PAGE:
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The Staffordshire (Ogley Hay) hoard: problems of interpretation

Published online by Cambridge University Press:  02 January 2015

Leslie Webster
Former Keeper, Department of Prehistory and Europe, The British Museum, Great Russell Street, London, WC1B 3DG, UK (Email:
Christopher Sparey-Green
Patrick Périn
Directeur du musée d'Archéologie nationale et Domaine national de Saint-Germain-en-Laye, 2 Rue Thiers, 78100 Saint-Germain-en-Laye, France (Email:
Catherine Hills
Department of Archaeology, University of Cambridge, Downing Street, CambridgeCB2 3DZ, UK (Email:
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The hoard presents us with a startling number of unfamiliar images from the Anglo-Saxon past, not least in the new icon of treasure that it presents. As the descriptions of treasure and gift-giving in Beowulf so vividly remind us, the gaining of treasure, and its corollary, gift-giving, were major preoccupations for Anglo-Saxons and their northern European contemporaries, whether Clovis, showering the crowds in Tours with gold solidi when he was created consul in 508, Oswiu attempting to buy off Penda before the Battle of Winwæd with what Bede (HE III.24; Colgrave & Mynors 1969: 288–91) described as an incalculable and incredible store of royal treasures or the huge Danegelds extorted by Vikings in the tenth and early eleventh century. But until July 2009, the picture presented by the archaeological evidence for Anglo-Saxon treasure could hardly have been more different: the material remains of treasure with which we are familiar come overwhelmingly from high-status burials, or as individual gold finds without context, most of them the result of relatively recent metal-detecting activity. Only one seventh-century Anglo-Saxon gold hoard exists, from Crondall in Hampshire, dated to c. 640; but that is essentially a coin hoard, the only non-numismatic items two small clasps which must have fastened the purse or satchel containing the coins.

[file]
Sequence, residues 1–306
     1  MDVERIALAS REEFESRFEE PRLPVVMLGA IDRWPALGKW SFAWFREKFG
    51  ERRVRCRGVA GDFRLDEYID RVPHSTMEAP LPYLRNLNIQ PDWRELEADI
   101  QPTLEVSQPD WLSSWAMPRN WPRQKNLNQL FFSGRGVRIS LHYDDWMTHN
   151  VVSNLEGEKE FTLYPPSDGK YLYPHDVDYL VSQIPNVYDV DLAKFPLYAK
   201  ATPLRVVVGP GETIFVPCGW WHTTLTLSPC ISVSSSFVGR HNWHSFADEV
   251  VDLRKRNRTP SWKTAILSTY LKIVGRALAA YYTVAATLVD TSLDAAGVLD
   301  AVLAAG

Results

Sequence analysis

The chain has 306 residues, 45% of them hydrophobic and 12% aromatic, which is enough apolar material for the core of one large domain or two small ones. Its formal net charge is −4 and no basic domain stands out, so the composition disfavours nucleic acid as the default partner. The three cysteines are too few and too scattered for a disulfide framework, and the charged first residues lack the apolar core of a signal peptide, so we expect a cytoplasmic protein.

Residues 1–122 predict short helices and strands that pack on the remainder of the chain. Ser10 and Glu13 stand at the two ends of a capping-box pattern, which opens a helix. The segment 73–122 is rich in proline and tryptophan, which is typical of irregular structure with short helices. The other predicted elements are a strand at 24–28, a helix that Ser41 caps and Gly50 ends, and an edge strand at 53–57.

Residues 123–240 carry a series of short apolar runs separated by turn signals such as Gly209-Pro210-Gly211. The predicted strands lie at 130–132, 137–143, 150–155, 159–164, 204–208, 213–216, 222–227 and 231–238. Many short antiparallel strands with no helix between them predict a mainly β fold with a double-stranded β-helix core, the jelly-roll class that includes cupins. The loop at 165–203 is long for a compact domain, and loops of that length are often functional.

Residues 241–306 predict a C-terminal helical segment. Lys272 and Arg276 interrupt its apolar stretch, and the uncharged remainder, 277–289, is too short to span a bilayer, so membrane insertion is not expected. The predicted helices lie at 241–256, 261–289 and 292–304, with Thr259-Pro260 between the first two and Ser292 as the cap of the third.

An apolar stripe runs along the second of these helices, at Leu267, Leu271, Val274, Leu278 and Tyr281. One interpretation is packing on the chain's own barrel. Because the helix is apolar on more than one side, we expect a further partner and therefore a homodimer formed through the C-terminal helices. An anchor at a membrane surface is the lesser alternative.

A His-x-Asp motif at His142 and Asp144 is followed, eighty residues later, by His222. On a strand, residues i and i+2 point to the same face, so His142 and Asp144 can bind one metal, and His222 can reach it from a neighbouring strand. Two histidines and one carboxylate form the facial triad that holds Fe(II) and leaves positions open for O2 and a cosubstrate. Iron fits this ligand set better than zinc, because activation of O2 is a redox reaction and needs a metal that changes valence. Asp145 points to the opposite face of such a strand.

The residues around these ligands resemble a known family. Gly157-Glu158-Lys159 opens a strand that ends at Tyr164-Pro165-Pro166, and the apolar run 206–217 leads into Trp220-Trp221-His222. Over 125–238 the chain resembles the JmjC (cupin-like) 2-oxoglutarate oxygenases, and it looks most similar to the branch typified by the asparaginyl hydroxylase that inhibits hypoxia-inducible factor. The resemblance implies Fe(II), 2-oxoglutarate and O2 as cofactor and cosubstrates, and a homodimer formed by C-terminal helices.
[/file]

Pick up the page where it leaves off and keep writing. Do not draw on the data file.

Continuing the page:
Research article
Copyright © Antiquity Publications Ltd 2011


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